Last month Aisling Ni Chonaire and I published a new Working Paper through the The Centre for Market and Public Organisation research centre. The paper explores how researchers can choose a sample size large enough to detect an effect in a randomised control trial, but small enough to make the trial workable. They have focussed on education research in particular, but the issues discussed are applicable to multiple policy areas. The main arguments are summarised below:
Randomised trials – the gold standard?
While Randomised Controlled Trials have been accepted in medicine for a while now, it is only in recent years that they have risen to prominence in the social sciences and in policy circles. Leading the charge to a large extent have been the Education Endowment Foundation (EEF), which was set up in 2010 by the department for education with a mission to test innovative policies using RCTs. Since then, the EEF have funded scores of RCTs in education – an amazing contribution to what we know about this vital area of public policy.
Unfortunately, not all RCTs are equal. One of the first steps in running a trial is to work out how big of a sample you will need. An important factor here is the size of the effect you are looking for. The bigger the effect, the easier it is to see – and hence, the smaller a sample you need. The biggest problem with this is obvious – if you know the effect size an intervention is going to have, you don’t need to conduct a trial. As a result, researchers must rely on certain rules of thumb. The most commonly cited of these rules is that provided by Cohen (1988) – which gives values for ‘small’, ‘medium’, and ‘large’ effects. Analysing the results of over 100 interventions in education, we find that 87% of the reported findings from the papers we surveyed report findings that are smaller than “small” – and only about 2.5% of studies qualify as ‘large’. The average effect size is roughly half a “small” effect. More than half of studies find nothing statistically significant.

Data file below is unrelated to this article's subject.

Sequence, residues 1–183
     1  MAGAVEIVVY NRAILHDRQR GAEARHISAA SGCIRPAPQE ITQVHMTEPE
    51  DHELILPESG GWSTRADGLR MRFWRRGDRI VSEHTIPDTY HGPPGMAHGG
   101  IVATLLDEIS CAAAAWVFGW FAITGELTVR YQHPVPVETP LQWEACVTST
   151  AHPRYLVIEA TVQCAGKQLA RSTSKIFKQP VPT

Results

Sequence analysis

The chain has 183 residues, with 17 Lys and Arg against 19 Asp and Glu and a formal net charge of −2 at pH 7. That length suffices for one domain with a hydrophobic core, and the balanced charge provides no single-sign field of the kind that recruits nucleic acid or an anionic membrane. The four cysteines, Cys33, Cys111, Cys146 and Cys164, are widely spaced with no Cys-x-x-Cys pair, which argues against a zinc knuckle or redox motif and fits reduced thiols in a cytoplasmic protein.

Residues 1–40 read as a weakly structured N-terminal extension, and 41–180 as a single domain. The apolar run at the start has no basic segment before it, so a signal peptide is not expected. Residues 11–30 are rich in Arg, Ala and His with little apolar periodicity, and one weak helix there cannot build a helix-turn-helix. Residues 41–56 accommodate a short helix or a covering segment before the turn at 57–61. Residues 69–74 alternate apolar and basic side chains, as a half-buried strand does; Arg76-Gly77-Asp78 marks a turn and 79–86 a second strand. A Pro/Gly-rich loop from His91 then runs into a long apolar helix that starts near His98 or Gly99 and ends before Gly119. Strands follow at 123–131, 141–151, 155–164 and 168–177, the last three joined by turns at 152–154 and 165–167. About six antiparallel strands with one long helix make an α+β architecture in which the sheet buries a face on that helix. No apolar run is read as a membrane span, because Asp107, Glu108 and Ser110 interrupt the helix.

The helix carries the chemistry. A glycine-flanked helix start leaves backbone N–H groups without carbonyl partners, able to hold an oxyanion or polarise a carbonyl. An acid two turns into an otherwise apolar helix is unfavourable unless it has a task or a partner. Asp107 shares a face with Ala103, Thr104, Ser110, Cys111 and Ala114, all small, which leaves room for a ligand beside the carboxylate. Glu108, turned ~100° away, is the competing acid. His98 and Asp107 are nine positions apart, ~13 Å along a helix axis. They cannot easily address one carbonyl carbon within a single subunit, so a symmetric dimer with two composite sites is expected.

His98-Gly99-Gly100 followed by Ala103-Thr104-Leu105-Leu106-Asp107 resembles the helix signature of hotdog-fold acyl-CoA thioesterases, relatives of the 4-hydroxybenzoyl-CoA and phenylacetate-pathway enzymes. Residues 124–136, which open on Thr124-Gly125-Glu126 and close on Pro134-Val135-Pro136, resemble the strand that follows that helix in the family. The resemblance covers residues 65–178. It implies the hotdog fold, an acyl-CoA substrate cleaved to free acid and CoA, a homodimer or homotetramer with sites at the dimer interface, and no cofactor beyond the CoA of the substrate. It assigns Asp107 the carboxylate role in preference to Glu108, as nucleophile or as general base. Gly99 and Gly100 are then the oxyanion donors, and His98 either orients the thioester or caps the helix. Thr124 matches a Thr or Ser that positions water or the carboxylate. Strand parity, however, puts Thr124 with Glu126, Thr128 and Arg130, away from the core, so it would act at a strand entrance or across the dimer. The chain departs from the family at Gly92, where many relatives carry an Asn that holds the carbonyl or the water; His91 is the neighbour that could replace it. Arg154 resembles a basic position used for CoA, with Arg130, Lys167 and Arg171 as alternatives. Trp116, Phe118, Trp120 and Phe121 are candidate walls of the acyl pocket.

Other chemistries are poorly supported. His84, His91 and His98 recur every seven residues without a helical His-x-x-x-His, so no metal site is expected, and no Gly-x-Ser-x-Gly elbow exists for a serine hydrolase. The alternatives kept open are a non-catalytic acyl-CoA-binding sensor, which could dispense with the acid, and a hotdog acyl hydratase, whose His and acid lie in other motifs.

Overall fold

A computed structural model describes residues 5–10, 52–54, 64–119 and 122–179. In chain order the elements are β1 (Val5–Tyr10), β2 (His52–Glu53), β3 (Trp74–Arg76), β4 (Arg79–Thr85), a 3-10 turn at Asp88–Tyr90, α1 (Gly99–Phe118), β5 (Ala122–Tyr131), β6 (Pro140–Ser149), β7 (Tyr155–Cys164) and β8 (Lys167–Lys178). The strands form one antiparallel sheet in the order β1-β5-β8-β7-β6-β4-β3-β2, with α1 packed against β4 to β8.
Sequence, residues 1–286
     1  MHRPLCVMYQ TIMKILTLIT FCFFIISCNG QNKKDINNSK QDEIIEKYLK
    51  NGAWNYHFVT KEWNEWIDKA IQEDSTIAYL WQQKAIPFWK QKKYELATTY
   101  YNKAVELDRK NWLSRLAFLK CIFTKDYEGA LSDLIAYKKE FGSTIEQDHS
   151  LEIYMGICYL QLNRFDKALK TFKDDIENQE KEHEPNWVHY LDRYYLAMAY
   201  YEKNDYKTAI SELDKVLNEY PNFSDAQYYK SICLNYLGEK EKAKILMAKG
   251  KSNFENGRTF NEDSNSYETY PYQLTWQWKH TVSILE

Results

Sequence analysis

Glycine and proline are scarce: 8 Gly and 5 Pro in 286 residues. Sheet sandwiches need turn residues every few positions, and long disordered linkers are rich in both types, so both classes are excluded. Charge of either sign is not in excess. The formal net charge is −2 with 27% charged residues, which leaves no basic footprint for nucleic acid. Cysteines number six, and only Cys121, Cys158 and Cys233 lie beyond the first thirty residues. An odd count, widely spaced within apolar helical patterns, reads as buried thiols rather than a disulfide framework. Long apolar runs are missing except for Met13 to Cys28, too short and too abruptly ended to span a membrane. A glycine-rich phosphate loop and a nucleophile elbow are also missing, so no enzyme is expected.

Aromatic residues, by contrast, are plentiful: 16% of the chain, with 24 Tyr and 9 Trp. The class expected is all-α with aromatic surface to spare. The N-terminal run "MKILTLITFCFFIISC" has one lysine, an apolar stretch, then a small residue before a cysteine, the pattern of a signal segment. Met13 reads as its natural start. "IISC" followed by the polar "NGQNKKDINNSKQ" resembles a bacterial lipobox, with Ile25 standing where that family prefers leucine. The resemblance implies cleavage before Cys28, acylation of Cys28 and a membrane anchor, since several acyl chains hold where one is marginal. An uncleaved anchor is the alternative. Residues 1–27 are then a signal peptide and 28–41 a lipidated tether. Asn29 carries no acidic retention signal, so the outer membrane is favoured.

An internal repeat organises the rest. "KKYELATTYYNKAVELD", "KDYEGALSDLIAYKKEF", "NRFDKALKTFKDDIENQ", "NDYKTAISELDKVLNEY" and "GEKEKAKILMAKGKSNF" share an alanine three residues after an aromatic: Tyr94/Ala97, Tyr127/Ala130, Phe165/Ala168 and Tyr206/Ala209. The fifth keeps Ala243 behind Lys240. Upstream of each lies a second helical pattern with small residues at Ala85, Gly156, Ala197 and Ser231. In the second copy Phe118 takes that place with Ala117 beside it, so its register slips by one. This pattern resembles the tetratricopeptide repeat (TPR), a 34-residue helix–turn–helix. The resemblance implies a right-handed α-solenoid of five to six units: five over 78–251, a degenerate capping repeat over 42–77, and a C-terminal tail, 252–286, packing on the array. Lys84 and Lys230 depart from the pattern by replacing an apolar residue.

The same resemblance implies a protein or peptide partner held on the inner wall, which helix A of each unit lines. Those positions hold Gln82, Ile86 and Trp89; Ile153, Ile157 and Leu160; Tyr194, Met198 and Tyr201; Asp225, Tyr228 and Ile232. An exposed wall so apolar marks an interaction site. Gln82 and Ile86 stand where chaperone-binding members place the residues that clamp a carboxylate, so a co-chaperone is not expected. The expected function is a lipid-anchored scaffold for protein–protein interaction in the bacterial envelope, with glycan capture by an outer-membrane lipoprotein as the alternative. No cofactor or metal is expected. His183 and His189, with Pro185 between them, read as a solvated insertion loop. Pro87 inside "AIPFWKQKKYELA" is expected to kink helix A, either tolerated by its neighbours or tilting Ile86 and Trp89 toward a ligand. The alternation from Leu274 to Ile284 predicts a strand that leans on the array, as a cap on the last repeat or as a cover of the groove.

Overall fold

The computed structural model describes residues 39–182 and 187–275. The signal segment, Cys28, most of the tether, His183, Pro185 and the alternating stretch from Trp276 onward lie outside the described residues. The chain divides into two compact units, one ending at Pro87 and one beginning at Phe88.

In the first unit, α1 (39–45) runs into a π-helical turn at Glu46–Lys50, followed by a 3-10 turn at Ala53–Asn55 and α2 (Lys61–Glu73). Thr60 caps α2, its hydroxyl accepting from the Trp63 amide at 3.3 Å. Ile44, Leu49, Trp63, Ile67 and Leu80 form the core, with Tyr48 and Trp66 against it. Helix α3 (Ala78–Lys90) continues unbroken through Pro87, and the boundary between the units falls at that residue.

It is tempting to write these interventions off as failures. However, it could be that our concept of smallness is wrong. A study by William (2008), finds the the effect on grades of an extra year of schooling is roughly at the level we think of as “small”. An entire year of schooling seems like quite a meaty intervention to us, and so should we really be designing studies that can only detect increases of that size? If an intervention is cheap and only as effective as, say, one month of schooling, that would still seem worth pursuing. Unfortunately, a lot of the research out there does not have large enough samples to let us differentiate between effects that are small, and ones that are simply not there at all.
It’s a broad problem
This problem is not limited to education research – far from it. We have chosen education for our first foray in this field simply because there are many studies available, because there are standard ways of measuring effects, and because, thanks to the EEF, the field is less mired in other issues like publication bias, than many others. There would certainly seem to be merit in a range of similar review in other fields that would allow us to design better trials with a higher chance of detecting plausible effects based on what we already know, rather than generic rules of thumb. Otherwise, we might find that our gold standard begins to tarnish.